This is clearly something I need to change. I sorted out my basket of random projects the other day and realised roughly 25% of them are about ten minutes from being finished. Do I just not like finishing things? Do I have commitment issues? Or do I just get too easily distracted?

Since my hands aren’t letting me knit at all these days, I may as well take some time to weave in some ends and finish up some older projects. After all, that will make me look super productive with minimal effort. Why yes, I did finish a sweater and a pair of socks and a shawl all in one weekend! (I started that shawl about 4 years ago, but that will go unsaid.)

It turns out knitters are a predictable lot, so I know I’m not the only one to do things like this. Has anyone got any tips for getting past it?

Craft · Crocheting

The Return of the Crochet Bug

Today I have an announcement to make: I’ve stopped knitting. No, I’m not going back to level one, I’ve just remembered that crochet exists. After fighting with an awkwardly written but very pretty pattern (link here) I’ve started a shawl with my hook and some very pretty yarn because, well, crochet is awesome.

Sometimes I forget this. I started out with an intense love for crochet and rarely picked up the needles, preferring to keep a hook on me instead. Slowly I learned that I liked to knit more than I liked to crochet and I turned to that instead, but sometimes I make a trip back down memory lane and here I am, crocheting pretty lace.

Well, um. It’s not so pretty yet, so I can’t really share a picture. This is going to need some intense blocking when it’s done, but at least I understand the pattern now. It made my head hurt a lot when I started.

The yarn I’m using is from Blue Brick Yarns, which is one of my favourite dyers now. The colours are gorgeous. It fades from my favourite shade of blue/green into a grey, and they balance each other out well. It is soft and fun to work with too. A shawl I’m designing is made with this yarn, but that’s currently on time-out because I was knitting it at a time when I needed to stop knitting and return to level one for a while.

I can share a picture of the yarn; this is from my Instagram last Thursday when I bought it. It was destined to be socks, but it said no.

sawks.PNG

Okay. My cat is doing her awkward slow-creep onto my arm to see if I’ll cuddle her, and since she’s damn cute I’m going to go do that. Are any of my fellow knitters bi-craftual? Do you pull out a hook all the time or just for special occasions?

Also if you do crochet and you use Instagram please let me know – I need more hookers, uh I mean crocheters on my feed!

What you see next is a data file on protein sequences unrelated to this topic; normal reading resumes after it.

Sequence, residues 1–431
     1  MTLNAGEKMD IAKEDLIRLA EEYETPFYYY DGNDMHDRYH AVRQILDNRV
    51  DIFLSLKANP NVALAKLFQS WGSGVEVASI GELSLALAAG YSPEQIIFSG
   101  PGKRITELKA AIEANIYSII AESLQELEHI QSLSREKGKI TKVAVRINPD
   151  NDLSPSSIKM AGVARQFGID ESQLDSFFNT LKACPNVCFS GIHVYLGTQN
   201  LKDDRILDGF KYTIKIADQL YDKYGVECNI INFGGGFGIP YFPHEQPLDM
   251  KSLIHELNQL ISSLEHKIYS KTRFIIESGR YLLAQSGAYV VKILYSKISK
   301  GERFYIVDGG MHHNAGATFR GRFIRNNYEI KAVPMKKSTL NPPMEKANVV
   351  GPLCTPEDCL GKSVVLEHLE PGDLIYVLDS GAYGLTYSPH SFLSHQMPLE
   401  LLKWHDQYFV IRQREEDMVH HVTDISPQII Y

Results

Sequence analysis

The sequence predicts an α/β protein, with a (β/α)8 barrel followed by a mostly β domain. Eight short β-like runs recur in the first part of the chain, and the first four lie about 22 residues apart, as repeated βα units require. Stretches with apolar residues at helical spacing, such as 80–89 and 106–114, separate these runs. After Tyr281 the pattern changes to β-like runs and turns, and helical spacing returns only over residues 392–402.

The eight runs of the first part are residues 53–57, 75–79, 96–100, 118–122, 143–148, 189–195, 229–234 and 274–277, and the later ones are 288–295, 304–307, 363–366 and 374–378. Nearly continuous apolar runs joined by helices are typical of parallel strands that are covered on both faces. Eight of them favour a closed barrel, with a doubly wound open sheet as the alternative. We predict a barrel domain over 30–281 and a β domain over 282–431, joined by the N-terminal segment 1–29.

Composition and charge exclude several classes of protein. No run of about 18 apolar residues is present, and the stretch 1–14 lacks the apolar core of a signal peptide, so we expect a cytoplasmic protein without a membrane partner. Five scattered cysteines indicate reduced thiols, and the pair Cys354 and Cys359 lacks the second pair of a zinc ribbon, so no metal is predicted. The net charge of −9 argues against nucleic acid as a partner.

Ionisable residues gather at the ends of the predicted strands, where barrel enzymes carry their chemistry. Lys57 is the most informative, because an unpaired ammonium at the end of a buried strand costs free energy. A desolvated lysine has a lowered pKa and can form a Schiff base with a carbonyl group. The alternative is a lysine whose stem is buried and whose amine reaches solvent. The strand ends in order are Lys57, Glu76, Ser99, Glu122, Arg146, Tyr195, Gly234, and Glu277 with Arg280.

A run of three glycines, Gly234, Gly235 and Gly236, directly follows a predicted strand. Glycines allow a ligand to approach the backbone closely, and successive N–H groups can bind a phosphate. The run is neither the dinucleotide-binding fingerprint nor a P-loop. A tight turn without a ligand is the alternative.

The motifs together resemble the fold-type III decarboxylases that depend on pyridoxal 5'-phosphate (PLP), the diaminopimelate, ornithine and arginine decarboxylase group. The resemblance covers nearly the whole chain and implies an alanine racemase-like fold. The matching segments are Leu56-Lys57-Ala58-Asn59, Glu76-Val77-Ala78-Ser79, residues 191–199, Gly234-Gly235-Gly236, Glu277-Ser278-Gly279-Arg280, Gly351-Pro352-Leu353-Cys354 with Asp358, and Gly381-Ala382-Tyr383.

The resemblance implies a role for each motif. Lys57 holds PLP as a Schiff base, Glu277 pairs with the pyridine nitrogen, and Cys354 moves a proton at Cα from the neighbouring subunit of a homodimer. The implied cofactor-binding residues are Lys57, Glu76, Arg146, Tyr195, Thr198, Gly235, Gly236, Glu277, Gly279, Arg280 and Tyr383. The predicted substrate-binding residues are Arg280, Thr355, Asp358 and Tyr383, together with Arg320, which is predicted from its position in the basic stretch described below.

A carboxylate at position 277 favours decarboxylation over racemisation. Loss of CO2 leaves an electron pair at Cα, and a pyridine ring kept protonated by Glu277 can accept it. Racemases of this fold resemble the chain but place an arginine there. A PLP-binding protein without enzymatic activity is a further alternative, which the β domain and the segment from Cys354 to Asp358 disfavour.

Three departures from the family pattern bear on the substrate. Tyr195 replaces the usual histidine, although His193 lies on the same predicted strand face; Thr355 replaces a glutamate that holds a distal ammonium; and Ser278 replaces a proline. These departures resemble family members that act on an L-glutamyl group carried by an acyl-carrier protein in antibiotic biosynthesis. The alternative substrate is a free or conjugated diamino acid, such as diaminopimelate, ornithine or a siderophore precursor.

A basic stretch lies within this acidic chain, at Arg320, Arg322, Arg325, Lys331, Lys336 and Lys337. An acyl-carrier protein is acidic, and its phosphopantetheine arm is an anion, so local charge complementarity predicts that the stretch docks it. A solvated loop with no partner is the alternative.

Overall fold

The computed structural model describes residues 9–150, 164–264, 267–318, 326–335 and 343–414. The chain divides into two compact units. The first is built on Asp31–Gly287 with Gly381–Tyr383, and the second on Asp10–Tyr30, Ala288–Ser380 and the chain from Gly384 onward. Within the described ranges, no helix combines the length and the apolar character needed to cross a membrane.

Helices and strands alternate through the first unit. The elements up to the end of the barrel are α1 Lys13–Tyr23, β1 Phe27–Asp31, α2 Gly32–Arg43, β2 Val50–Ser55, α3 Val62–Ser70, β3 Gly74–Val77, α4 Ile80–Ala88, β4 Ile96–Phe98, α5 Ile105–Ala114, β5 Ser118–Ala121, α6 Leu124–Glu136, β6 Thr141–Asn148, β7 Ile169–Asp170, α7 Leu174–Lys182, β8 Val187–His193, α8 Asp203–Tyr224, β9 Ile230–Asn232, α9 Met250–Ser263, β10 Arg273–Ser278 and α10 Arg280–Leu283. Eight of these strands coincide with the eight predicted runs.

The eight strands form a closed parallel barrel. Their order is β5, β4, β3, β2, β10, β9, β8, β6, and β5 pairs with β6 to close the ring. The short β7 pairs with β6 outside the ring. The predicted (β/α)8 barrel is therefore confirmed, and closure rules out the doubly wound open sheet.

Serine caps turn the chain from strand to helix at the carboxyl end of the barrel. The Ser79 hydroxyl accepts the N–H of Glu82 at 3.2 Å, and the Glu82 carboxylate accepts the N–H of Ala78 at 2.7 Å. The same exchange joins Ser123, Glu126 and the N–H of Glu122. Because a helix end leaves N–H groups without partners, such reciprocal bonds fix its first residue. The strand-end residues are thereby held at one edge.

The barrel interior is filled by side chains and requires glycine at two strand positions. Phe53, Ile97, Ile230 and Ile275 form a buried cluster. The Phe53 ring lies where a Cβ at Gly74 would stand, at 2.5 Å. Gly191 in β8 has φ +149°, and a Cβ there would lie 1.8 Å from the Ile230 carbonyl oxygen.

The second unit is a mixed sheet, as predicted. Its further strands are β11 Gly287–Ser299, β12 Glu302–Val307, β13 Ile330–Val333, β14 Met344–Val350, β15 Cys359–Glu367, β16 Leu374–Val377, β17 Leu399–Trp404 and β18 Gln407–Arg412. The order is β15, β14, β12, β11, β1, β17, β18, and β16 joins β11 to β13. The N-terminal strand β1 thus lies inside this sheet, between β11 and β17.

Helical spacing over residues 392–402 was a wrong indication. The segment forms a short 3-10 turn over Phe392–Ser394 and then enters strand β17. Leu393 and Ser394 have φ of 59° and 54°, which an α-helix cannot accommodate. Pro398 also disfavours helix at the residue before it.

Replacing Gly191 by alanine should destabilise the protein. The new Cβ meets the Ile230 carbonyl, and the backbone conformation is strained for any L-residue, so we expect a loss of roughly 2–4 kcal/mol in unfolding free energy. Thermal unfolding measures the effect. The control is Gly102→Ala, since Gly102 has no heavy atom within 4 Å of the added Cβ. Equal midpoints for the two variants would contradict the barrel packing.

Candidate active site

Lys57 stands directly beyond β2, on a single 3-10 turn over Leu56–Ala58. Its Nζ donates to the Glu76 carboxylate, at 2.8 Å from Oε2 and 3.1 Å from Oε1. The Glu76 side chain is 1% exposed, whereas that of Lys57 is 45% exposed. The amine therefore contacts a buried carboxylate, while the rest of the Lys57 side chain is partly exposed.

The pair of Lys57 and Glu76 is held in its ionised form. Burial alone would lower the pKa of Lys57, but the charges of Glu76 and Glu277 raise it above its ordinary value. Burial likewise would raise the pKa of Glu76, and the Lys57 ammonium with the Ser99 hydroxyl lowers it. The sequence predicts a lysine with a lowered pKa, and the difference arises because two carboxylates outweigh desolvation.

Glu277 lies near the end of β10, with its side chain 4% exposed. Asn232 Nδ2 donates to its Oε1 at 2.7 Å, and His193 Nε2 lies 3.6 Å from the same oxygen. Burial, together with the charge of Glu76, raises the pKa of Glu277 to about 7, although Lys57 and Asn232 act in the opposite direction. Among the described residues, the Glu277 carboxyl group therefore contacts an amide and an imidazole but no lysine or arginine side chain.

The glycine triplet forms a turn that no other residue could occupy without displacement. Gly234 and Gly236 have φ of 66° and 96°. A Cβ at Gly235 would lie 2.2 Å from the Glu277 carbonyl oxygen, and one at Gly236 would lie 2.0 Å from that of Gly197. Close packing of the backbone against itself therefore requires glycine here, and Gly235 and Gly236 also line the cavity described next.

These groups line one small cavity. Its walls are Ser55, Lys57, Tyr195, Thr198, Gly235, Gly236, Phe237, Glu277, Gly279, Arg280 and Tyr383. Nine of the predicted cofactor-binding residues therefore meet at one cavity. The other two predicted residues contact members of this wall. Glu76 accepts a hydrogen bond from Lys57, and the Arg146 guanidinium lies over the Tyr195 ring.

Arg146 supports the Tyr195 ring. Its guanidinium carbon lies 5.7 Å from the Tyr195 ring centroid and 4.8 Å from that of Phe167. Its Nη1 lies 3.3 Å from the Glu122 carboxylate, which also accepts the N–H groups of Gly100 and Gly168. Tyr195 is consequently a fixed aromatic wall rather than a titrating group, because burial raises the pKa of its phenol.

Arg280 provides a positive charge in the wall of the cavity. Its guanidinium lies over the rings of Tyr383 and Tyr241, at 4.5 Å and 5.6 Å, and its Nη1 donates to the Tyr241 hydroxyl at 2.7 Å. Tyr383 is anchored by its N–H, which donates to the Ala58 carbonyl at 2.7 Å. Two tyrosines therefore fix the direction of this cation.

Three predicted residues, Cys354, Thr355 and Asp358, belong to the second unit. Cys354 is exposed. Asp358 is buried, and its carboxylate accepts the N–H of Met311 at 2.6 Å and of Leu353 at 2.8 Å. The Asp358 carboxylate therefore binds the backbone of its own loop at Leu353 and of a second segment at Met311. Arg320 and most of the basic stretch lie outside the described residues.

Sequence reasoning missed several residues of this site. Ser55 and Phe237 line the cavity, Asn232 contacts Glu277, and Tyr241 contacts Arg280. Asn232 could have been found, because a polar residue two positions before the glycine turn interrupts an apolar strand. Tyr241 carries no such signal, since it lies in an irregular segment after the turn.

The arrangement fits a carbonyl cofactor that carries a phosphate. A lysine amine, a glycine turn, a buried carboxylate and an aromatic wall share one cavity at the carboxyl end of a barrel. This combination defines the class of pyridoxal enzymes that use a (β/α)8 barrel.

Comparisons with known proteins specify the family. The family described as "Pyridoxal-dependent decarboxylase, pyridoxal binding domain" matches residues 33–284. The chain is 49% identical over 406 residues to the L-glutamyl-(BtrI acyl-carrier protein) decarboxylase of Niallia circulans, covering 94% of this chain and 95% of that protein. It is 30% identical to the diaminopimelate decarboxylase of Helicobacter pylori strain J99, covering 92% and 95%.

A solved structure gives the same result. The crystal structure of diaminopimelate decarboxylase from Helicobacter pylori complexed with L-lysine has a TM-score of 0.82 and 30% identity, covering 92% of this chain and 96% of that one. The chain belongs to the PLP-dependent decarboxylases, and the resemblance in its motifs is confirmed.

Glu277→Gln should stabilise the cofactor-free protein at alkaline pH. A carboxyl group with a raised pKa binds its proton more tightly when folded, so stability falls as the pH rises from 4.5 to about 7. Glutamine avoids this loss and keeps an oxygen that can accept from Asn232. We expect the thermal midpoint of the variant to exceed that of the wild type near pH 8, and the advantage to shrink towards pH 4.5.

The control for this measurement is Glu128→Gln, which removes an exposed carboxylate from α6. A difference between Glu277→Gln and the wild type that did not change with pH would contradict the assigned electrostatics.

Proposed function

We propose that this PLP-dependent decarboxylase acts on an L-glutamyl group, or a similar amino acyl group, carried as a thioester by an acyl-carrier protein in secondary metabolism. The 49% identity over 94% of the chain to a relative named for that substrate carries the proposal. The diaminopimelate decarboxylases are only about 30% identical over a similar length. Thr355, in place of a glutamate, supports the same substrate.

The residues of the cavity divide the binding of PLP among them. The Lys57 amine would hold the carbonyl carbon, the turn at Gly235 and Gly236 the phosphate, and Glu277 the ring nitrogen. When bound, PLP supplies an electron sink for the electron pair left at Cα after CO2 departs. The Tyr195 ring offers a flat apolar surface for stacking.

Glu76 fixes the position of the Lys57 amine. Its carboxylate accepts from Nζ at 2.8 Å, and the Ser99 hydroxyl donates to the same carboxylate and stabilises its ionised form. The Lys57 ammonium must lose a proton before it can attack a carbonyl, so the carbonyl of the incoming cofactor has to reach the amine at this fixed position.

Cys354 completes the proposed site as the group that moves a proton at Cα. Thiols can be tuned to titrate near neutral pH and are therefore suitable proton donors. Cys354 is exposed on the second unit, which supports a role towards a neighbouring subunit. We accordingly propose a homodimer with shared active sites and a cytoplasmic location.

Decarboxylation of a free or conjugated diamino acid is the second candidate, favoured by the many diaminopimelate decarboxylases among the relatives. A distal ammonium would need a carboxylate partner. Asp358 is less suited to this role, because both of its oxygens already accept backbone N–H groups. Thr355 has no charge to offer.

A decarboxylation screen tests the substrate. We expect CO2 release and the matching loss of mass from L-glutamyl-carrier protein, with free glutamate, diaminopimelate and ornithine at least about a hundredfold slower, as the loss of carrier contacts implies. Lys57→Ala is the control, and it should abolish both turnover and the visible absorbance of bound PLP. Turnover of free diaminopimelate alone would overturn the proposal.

Craft · Knitting

Suddenly, a cardigan appears

Over the last week I have finished a few projects  (on their way to the blocking mat) and frogged one fairly major project (story coming later this week). Since everything on the needles is giving me attitude, I decided to start a project I’ve been excited about for a while.

Plus it was my birthday Sunday. What better excuse to cast on a cardigan?

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I only started this yesterday and it’s already ten inches deep. It’s a welcome break from troublesome projects!

Craft · Knitting

The magical sock pattern

Spoiler: a friend and owner of my local yarn store wrote the pattern I’m speaking about here, so I’m entirely biased on its merits.

That doesn’t mean the pattern isn’t awesome though.

Recently it seems everyone I know is writing amazing patterns and I have to keep knitting them. No, it’s not out of a sense of obligation; I won’t knit something that I don’t like in general, because life’s too short for that. Nope, turns out the talented folks I know write damn good patterns.

Martina Munroe published Camber Twist Socks around the same time as Vickie Hartog published the Grandifolia Shawl (which I’ve finished and you shall see soon). Another friend asked me to knit her some Camber Twists and I began, and as soon as I memorised the pattern I was hooked.

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The yarn I’m using is Cascade Heritage Wave (I would recommend not googling ‘Cascade Wave’ as I just did, as it turns out it is something very different). It’s red plied with shades of grey, and it is SO SQUISHY I have since bought a skein for myself. I’m adapting the pattern to be knee-high socks for a friend, hence the little stitch markers and the odd shape.

See, these are excellent socks. The pattern looks quite plain on the needles but when you put it on it turns magic. My coworkers watched me knit and when I showed them what it would look like stretched around the leg, their minds were blown.

This is why:

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Look how cute that is!

Not only is it cute, but it’s a great idea for a sock stitch. It’s less boring to knit than plain ribbing but will be snug and comfortable against the leg despite that. I have a problem with skinny ankles that means a lot of socks don’t fit well but these would be super versatile for anyone.